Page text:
The National Weather Service has issued a flash flood watch for Friday afternoon through evening for areas of northeast Oregon, including Wallowa County, the Grand Ronde Valley, John Day Basin, northern and southern Blue Mountains, and the Ochoco-John Day Highlands. The northwest Blue Mountains of Washington are also included in the watch.
Debris flows are possible in areas with steep terrain, particularly within wildfire burn scars, during this weather event. Debris flows are rapidly moving, extremely destructive landslides. They can easily travel a mile or more, depending on the terrain. They will transport boulders and logs in a fast-moving soil and water slurry.
“Recent wildfires have made land less stable,” says Bill Burns, engineering geologist with the Oregon Department of Geology and Mineral Industries (DOGAMI). “Heavy rain is a common landslide trigger, so it’s important to be aware of the potential hazard during this storm.”
People, structures and roads located below steep slopes in canyons and near the mouths of canyons may be at serious risk. Caution should be used when traveling. According to DOGAMI, the most dangerous places include: Canyon bottoms, stream channels, and areas of rock and soil accumulation at the outlets of canyons. - Bases of steep hillsides. - Road cuts or other areas where slopes of hills have been excavated or over-steepened. - Places where slides or debris flows have occurred in the past.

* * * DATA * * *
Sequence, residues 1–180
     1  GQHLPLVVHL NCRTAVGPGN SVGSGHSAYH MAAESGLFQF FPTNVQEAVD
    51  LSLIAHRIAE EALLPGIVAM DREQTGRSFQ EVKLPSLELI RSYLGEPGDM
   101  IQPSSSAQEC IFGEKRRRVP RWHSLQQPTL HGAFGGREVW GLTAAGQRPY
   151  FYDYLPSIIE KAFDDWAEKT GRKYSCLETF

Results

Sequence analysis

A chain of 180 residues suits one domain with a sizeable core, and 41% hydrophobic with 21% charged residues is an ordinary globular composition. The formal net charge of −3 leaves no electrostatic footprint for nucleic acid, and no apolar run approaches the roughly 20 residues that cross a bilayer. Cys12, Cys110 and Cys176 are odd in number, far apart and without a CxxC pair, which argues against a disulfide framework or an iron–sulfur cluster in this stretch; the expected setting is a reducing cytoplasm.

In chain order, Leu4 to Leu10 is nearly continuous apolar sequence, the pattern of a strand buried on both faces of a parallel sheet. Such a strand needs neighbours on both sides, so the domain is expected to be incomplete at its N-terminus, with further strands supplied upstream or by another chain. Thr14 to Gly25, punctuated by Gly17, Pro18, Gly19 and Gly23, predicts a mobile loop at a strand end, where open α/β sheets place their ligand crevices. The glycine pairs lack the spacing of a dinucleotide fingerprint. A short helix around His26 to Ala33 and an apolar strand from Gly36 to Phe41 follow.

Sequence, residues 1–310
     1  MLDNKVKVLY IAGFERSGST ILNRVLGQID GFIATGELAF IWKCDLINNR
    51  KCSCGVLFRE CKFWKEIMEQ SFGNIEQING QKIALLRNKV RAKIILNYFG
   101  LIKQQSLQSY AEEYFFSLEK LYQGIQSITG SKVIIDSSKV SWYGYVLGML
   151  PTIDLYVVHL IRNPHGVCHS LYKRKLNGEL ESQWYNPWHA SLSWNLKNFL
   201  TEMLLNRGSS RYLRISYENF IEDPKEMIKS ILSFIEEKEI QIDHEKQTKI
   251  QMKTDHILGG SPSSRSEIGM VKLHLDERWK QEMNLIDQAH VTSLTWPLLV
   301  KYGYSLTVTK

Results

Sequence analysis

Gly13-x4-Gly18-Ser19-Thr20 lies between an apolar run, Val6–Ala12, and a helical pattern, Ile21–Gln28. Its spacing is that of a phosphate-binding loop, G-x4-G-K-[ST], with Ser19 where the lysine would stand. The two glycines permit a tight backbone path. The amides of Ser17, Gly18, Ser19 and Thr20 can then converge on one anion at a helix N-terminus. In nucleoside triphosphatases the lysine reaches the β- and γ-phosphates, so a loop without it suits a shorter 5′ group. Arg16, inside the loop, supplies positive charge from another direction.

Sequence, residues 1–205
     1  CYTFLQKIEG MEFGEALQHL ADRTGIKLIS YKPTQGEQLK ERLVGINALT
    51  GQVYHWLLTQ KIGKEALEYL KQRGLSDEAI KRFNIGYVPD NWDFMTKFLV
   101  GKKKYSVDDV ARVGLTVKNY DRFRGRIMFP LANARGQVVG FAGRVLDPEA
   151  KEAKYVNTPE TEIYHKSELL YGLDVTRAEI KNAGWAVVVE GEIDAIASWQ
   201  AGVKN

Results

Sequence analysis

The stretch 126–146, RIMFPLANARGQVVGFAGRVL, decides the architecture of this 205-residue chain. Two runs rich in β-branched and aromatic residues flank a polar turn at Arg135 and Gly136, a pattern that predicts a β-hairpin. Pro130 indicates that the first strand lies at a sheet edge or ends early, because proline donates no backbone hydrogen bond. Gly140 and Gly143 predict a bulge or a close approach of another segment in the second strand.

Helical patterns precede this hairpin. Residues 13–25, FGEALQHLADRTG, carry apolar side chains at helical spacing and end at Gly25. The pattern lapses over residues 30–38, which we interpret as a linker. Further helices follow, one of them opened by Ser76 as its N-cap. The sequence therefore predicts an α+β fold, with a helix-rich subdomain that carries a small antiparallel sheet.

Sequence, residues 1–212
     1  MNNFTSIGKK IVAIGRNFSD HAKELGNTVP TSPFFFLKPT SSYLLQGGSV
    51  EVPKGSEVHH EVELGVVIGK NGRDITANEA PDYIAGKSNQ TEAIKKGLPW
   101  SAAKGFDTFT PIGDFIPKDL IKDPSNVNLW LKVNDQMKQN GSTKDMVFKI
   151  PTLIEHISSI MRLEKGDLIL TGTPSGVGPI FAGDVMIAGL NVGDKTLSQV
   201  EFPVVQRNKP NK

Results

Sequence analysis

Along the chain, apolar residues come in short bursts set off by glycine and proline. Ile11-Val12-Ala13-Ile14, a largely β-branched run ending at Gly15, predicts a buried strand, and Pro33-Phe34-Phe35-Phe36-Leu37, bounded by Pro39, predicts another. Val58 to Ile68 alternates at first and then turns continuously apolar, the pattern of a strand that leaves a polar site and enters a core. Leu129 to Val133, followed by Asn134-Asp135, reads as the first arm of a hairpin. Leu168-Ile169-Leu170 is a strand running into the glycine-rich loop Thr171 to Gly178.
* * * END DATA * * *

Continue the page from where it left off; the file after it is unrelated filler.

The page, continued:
Learn more about landslides and debris flows and how to prepare for them: Statewide Landslide Information Database (SLIDO): www.oregongeology.org/slido Landslide and debris flow resources: bit.ly/landslidehazards.